In the case under consideration, if the employer's version of events were accepted, it would appear that claimant's ostensible absence without notice might be justified on the grounds of excusable error, in the confusion over the changed schedule and the jury duty. The appeal to the board, however, is to the effect that the referee erred in relying on the challenged schedule, in the absence of the scheduler, who might have posted a new schedule for entirely justifiable reasons or because he did not like claimant. Since the scheduler could not be cross examined, claimant's testimony should have been given greater weight. By this line of reasoning, which the board accepts, the absence on Tuesday was because of a scheduled day off, and no authorization or notice was required for that day.

The Board of Review acknowledged in Frey's action that employees may commit misconduct if they are absent without notice or justification. See Kraft v. Nev. Emp. Sec. Dept., 102 Nev. 191, 717 P.2d 583, 585 (1986).

The Board also provided a dual rationale for its decision. The Board stated that if the Hilton's position was accurate, there then appeared to be considerable confusion as to which day Frey had off, and therefore Frey's lack of communication constituted excusable behavior. The decision of the Board of Review implies that excusable behavior would not be considered "wrongful." In Lellis v. Archie, 89 Nev. 550, 516 P.2d 469 (1973), this court held that acts which were in and of themselves "not wrongful" did not constitute misconduct so as to preclude an individual from receiving unemployment benefits. Id., at 513, 516 P.2d at 417. An excusable mistake or omission could not be deemed wrongful and therefore would not warrant a denial of unemployment benefits.

However, the primary basis for the Board's decision was the greater weight it accorded the live testimony of Frey over the hearsay testimony which was admitted to prove that Frey was really scheduled to work on Tuesday. The Hilton cites cases which basically argue that hearsay evidence can be regarded as substantial evidence for the purposes of an administrative hearing and that therefore hearsay evidence can be the basis of an administrative decision. See State v. Dept. of Motor Vehicles v. Kiffe, 101 Nev. 729, 709 P.2d 1017 (1985), see also Schaefer v. United States, 633 F.2d 945 (Ct.Cl. 1980). These cases are inapposite to the instant case. The Board did not exclude hearsay evidence, it simply gave greater weight to Frey's testimony. It chose to believe her story in a two-sided swearing contest in part because Frey was there to be cross-examined, while the author of the letter was not. There is no indication that the hearsay was not duly considered by the Board. The Board simply assigned it a different probative value.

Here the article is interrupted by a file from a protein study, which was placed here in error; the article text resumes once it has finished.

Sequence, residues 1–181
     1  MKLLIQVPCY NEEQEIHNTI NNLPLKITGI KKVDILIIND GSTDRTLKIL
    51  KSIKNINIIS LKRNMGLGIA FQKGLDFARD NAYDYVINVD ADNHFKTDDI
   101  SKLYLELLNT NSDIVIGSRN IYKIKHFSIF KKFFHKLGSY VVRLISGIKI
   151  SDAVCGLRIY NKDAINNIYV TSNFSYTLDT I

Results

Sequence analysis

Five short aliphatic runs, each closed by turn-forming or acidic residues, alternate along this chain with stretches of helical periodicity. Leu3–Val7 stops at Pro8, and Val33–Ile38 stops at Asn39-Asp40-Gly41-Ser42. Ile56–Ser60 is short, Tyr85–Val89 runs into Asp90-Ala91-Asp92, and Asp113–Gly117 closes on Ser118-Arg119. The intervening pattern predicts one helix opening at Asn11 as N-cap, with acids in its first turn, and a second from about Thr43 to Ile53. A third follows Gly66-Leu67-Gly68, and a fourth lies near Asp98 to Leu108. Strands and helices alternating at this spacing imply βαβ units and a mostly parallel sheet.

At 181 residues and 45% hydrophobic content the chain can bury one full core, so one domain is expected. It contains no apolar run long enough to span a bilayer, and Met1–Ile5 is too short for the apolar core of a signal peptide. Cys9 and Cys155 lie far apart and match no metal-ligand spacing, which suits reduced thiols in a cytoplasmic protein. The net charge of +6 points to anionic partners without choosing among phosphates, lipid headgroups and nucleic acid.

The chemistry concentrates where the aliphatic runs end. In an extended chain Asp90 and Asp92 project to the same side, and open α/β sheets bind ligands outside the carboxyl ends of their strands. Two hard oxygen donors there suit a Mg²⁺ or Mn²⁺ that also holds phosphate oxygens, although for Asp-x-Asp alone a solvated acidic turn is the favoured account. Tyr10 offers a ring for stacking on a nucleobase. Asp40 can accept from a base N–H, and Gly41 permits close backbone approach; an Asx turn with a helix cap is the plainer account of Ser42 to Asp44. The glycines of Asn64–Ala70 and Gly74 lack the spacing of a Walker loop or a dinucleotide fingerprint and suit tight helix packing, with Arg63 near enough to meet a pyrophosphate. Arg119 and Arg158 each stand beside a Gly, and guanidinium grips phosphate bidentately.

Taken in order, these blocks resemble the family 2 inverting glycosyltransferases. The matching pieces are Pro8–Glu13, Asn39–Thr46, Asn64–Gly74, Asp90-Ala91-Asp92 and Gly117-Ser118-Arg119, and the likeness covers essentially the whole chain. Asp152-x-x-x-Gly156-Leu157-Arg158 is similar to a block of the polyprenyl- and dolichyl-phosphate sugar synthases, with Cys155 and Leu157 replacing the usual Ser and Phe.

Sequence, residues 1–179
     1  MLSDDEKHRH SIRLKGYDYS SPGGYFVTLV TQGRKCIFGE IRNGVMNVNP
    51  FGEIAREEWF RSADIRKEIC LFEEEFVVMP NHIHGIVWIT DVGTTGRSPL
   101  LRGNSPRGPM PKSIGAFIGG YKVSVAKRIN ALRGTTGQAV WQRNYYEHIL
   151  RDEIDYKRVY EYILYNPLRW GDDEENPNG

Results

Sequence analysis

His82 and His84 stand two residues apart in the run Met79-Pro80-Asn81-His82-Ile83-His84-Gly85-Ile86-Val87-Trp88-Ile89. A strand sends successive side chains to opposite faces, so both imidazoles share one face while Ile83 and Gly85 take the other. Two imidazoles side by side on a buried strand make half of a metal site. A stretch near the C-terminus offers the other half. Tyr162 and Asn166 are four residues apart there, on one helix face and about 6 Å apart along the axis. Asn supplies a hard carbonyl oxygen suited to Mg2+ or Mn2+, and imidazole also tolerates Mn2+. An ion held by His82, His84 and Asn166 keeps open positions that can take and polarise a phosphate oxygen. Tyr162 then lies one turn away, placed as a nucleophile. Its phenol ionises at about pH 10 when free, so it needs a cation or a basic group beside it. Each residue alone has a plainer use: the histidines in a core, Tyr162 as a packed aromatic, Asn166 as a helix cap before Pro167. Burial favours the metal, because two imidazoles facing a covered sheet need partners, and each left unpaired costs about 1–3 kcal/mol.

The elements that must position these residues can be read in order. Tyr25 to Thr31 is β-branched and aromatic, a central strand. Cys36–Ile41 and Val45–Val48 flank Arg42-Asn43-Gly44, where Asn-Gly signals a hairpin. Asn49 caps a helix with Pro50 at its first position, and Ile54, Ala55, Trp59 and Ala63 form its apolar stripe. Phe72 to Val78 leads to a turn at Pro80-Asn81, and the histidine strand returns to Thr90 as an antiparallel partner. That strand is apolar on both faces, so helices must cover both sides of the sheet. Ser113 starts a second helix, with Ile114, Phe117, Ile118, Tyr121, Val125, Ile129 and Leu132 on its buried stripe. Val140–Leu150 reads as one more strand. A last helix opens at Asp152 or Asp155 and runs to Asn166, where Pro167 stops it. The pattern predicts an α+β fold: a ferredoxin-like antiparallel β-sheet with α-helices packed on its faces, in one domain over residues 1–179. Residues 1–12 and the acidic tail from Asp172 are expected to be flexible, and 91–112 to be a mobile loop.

The hearsay consisted of a letter submitted by the person who arranged the casino schedule, stating he had scheduled Frey to work on Tuesday. This letter was properly admitted into evidence at the Administrative Hearing, but the author was never present to be cross-examined, although he was available to be called as a witness.

The record definitely indicates confusion and inconsistencies in the stories of both parties. The Board of Review, as an independent trier of fact, had the record before it and made a decision that is supported by substantial evidence on appeal. This court gives deference to the findings of an administrative tribunal when they are supported by substantial evidence. Therefore, the order of the district court is reversed and remanded with instructions to order the Employment Security Division to compensate Frey in accordance with her entitlements under the law.

Summaries of

State, Emp. Security v. Hilton Hotels

Supreme Court of Nevada
Dec 18, 1986
102 Nev. 606 (Nev. 1986)
Case details for

State, Emp. Security v. Hilton Hotels

Case Details


Court:Supreme Court of Nevada

Date published: Dec 18, 1986


102 Nev. 606 (Nev. 1986)
729 P.2d 497